We finally moved on to circuits! Woohoo! We borrowed a neon pixel LED from a fellow classmate and tried it with Arduino.

We looked at the Adafruit Neopixel Arduino library to make things happen, but it wasn’t as easy as it seemed.

Here’s the circuit on a breadboard:

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Neopixel soldering was done, we tried to connect it this way and another, but it didn’t work! We consulted with few other classmates and it appeared that probably we had soldered the wrong side of the strip (that’s how we got it). We resoldered and it worked!

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To test it we used one of the examples in the Arduino library.

After we got it going, we wanted to add a photocell to control the light (turn it on and turn it off). We tried it before with a regular LED but now we struggled a bit with code as the one we knew and the one from Arduino library for neon pixel strip was a bit different. Good that one of ITP’s residents Pedro was walking nearby, so we asked for his help.

Finally, together me made it work. Here’s a circuit:

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And here’s the code:

//---------------------------------------------------------------------------------------------- Neopixel
#include <Adafruit_NeoPixel.h>
#ifdef __AVR__
  #include <avr/power.h>
#endif
// Which pin on the Arduino is connected to the NeoPixels?
#define PIN            6
#define NUMPIXELS      3
Adafruit_NeoPixel pixels = Adafruit_NeoPixel(NUMPIXELS, PIN, NEO_GRB + NEO_KHZ800);
int delayval = 500; // delay for half a second
//---------------------------------------------------------------------------------------------- Photocell
int photoPin = A0;
int sensorValue = 0;
int brightness = 0;
int offset = 0;
void setup() {
  //Start Serial
  Serial.begin(9600);
  //Start Neopixel
#if defined (__AVR_ATtiny85__)
  if (F_CPU == 16000000) clock_prescale_set(clock_div_1);
#endif
  pixels.begin();
}
void loop() {
    sensorValue = analogRead(A0);
    brightness = map(sensorValue, 10, 40, 0,255);
    if(brightness <= 10){
      brightness = 0;
    }
    if(brightness >= 240){
      brightness = 255;
    }
    pixels.setPixelColor(0, pixels.Color(0, 0, brightness)); // Moderately bright green color.
    pixels.setPixelColor(1, pixels.Color(0, brightness, 0)); // Moderately bright green color.
    pixels.setPixelColor(2, pixels.Color(brightness, 0 ,0)); // Moderately bright green color.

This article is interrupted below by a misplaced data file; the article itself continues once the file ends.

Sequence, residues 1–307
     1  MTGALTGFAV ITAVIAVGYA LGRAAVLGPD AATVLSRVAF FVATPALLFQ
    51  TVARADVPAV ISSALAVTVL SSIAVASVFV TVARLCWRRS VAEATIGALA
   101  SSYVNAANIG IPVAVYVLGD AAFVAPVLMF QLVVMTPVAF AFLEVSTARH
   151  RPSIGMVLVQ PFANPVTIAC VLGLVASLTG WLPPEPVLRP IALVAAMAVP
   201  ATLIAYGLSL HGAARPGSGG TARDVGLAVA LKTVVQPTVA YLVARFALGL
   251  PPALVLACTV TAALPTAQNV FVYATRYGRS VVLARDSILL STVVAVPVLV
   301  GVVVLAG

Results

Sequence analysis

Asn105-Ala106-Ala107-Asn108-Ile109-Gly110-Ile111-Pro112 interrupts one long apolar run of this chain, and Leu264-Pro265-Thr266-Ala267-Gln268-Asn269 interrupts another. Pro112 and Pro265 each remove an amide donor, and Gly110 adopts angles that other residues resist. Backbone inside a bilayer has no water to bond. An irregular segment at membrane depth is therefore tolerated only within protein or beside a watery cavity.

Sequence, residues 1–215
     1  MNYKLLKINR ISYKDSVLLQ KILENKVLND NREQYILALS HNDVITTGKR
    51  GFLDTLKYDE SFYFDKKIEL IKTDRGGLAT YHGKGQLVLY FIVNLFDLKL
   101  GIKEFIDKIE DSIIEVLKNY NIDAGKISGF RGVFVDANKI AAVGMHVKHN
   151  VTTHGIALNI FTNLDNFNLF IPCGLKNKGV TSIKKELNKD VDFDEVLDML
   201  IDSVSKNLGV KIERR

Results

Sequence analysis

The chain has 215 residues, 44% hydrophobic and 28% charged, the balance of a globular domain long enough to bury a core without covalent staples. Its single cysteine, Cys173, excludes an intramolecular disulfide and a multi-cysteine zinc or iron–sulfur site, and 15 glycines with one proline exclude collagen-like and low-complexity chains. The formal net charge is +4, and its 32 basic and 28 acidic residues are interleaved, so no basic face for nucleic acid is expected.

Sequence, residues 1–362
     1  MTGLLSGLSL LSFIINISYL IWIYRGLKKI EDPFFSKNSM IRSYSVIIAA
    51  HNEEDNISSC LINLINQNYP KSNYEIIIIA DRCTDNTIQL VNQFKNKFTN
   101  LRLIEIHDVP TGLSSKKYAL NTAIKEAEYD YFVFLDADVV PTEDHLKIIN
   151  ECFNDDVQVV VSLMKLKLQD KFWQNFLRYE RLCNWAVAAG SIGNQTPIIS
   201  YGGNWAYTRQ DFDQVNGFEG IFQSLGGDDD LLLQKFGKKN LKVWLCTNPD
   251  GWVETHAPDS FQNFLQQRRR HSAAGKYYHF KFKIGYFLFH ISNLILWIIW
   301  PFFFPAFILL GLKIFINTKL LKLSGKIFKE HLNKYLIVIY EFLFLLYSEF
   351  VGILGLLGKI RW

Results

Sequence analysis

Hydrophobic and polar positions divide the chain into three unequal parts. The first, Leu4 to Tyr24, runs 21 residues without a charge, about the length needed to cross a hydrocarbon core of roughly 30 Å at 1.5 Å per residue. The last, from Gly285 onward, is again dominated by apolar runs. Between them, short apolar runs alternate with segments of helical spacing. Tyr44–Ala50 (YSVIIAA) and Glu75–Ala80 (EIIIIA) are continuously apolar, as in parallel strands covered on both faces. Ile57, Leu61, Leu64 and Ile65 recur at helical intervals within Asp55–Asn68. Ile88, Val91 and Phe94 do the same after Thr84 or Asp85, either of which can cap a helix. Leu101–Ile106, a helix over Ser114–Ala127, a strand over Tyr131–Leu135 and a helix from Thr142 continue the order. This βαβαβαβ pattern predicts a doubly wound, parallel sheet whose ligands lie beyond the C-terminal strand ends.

Serial.println(brightness);
    pixels.show(); // This sends the updated pixel color to the hardware.
    delay(50);
}

And here’s the video:

We also then tried to add the second photocell — because after all the idea is that each photocell would control the different piece.

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Code is the same with the second lines added for the second photocell:

//---------------------------------------------------------------------------------------------- Neopixel
#include <Adafruit_NeoPixel.h>
#ifdef __AVR__
  #include <avr/power.h>
#endif
// Which pin on the Arduino is connected to the NeoPixels?
#define PIN            6
#define NUMPIXELS      3
Adafruit_NeoPixel pixels = Adafruit_NeoPixel(NUMPIXELS, PIN, NEO_GRB + NEO_KHZ800);
int delayval = 500; // delay for half a second
//---------------------------------------------------------------------------------------------- Photocell
int photoPin1 = A0;
int photoPin2 = A1;
int sensorValue1 = 0;
int sensorValue2 = 0;
int brightness1 = 0;
int brightness2 = 0;
void setup() {
  //Start Serial
  Serial.begin(9600);
  //Start Neopixel
#if defined (__AVR_ATtiny85__)
  if (F_CPU == 16000000) clock_prescale_set(clock_div_1);
#endif
  pixels.setPixelColor(2, pixels.Color(0, 0, 0));
  pixels.begin();
}
void loop() {
    sensorValue1 = analogRead(photoPin1);
    brightness1 = map(sensorValue1, 10, 40, 0,255);
    sensorValue2 = analogRead(photoPin2);
    brightness2 = map(sensorValue2, 10, 40, 0,250);

    if(brightness1 <= 11){
      brightness1 = 0;
    }
    if(brightness1 >= 255){
      brightness1 = 250;
    }
///////////////////////////////////
    if(brightness2 <= 11){
      brightness2 = 0;
    }
    if(brightness2 >= 240){
      brightness2 = 250;
    }
    pixels.setPixelColor(0, pixels.Color(0, 0, brightness1)); // Moderately bright green color.
    pixels.setPixelColor(1, pixels.Color(0, brightness2, 0)); // Moderately bright green color.
    pixels.setPixelColor(2, pixels.Color(0, 0, 0));
    Serial.print(brightness1);
    Serial.print(" | ");
    Serial.println(brightness2);
    pixels.show(); // This sends the updated pixel color to the hardware.
    delay(50);
}

The real struggle with photocells is that you have to remap the values every single time. Even now it took us 5-6 times until we could find a good value reading.

To avoid this, Pedro mentioned, there is a bunch of different ways to achieve the same result but will less frustration. One of such ways is using a resistor.

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The resistor would be a final component in closing the circuit; just as you see in the picture above, adding right resistor lets LED to light up, whereas if we added a stronger resistor, LED would remain silent.

For us this is still unexplored territory, so what we’ll do next is play some more with possible options and only then choose the final one.

We also want to buy a longer neon pixel strip that would fit the perimeter of our base round and see how it works (the piece that we borrowed still doesn’t look very stable).

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